The Government's giant shadow in the boardroom: having regulators as a shareholder--and even sitting on the board--puts the independent directors in a troubling fiduciary situation: the government's objectives may conflict with the traditional goal of shareholder value creation.

Author:Elson, Charles

The role of the government as a shareholder is in and of itself highly problematic. Yet, even more troubling to investors is the notion of the government as a member of the company's board of directors. The issues created by the government as a shareholder are only magnified when the government has more influence on the company's decision making through board membership.

Whether by direct representation or significant involvement in the nominating process, the government can have much influence over board function. It also has a major impact over corporate direction, focus, and director conduct. The government as an investor does not consider shareholder wealth maximization as its primary goal. The principal objective of the government is to bolster societal benefits, usually in the form of jobs and political rewards for the investment it is making. When the government is heavily involved in the corporate decision-making process, these incentives conflict with the traditional goal of shareholder value creation.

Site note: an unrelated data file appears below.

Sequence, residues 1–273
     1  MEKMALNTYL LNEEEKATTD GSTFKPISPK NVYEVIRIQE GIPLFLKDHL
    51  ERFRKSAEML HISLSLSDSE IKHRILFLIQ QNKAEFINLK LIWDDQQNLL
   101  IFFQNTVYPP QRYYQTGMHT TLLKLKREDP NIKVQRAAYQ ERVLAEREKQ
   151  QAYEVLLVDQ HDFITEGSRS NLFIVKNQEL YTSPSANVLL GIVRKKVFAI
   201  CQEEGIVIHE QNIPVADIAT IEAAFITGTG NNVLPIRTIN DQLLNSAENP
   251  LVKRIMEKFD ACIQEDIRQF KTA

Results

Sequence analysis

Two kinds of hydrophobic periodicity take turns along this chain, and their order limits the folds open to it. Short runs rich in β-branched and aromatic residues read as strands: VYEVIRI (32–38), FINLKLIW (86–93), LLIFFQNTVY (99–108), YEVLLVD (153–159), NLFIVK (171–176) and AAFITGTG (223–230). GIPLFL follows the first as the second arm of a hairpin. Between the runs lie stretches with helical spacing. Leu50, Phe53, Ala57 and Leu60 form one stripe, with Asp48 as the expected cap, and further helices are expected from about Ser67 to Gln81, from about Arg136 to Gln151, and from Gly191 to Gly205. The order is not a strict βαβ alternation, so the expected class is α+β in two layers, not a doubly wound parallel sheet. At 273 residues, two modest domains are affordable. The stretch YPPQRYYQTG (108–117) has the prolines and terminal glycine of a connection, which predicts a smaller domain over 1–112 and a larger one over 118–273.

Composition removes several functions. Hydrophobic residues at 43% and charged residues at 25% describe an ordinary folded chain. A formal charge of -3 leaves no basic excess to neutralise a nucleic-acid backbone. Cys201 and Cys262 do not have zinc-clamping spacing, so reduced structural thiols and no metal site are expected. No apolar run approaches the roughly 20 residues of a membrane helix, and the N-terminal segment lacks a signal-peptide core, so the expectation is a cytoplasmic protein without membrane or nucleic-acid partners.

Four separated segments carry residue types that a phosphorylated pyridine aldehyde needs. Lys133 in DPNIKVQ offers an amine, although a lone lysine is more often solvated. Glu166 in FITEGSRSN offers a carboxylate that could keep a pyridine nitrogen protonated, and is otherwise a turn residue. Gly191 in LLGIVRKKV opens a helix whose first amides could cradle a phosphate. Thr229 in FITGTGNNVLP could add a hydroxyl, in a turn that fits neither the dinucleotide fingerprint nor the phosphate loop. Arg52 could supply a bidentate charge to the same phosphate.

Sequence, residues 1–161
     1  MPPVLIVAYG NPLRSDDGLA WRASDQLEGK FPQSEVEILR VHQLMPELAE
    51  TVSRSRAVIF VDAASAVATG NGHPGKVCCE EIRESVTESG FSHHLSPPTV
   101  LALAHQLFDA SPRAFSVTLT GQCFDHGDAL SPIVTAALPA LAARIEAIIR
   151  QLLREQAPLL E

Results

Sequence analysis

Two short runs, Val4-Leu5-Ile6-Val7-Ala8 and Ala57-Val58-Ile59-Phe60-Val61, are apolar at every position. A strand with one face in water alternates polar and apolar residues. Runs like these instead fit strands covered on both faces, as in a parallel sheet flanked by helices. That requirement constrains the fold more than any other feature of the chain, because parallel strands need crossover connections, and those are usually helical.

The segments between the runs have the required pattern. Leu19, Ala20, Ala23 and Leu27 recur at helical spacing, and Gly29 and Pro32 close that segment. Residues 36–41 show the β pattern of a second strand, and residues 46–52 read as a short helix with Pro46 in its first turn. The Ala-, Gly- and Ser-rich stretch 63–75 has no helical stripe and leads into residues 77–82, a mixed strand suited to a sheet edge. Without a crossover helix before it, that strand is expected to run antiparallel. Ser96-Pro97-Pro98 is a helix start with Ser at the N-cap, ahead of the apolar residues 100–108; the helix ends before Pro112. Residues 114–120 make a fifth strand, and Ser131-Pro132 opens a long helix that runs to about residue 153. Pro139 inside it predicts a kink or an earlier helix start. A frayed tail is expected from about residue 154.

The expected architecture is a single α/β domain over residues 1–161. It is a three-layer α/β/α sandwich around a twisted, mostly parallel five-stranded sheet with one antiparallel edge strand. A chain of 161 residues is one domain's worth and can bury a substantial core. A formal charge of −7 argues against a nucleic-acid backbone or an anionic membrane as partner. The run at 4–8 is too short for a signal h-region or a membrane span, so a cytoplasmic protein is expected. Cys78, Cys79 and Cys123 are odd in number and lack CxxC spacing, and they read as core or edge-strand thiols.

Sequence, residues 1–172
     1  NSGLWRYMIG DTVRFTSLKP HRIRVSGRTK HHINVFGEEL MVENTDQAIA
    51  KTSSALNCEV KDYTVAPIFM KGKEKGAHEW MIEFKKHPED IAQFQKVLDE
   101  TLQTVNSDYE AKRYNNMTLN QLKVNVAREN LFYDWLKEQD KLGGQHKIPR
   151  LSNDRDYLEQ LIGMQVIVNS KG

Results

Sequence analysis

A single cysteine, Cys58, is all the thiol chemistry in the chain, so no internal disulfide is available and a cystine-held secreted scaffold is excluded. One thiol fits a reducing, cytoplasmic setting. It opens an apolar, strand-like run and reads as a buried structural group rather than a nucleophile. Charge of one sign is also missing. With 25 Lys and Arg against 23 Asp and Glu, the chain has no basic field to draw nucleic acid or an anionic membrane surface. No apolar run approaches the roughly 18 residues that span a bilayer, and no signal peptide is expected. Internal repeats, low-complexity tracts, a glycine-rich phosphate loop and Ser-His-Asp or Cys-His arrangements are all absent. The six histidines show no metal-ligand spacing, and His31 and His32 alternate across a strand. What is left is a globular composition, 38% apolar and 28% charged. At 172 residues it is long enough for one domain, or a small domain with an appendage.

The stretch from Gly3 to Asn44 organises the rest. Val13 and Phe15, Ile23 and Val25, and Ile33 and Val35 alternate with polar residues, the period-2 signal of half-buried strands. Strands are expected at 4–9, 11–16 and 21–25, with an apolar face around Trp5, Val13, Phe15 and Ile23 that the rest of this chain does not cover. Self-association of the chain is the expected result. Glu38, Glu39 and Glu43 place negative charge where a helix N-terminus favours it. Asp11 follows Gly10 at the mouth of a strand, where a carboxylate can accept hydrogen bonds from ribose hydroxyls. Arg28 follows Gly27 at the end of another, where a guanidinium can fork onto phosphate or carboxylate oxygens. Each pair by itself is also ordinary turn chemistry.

Thus, where the government demands and receives some form of board representation, the representatives find themselves in a troubling fiduciary position. Such representation creates three major problems. They include conflicting obligations imposed upon the government's representatives themselves, disruption to the ordinary function of the remaining directors, and, finally, an increased mistrust in the ability of the board to maintain the best interests of the public investor as they carry out their responsibilities.

Markedly different objectives

The government-anointed director is caught in a precarious position. A government's investment in a corporation differs markedly from that of the other shareholders. Governments are political creatures and make investments to meet political objectives such as job preservation or, in the case of the financial crisis, economic stabilization. Long-term investment return is not a primary, or perhaps even secondary, goal.

The government has the incentive to demand changes in corporate strategy to meet its own objectives, without regard to its impact on ultimate shareholder return. The notorious case involving political pressure on General Motors to keep certain facilities open to preserve jobs in a particular congressional district is a significant example of this problem. The governmental representative director is under tremendous pressure to support the demands of his or her sponsor.


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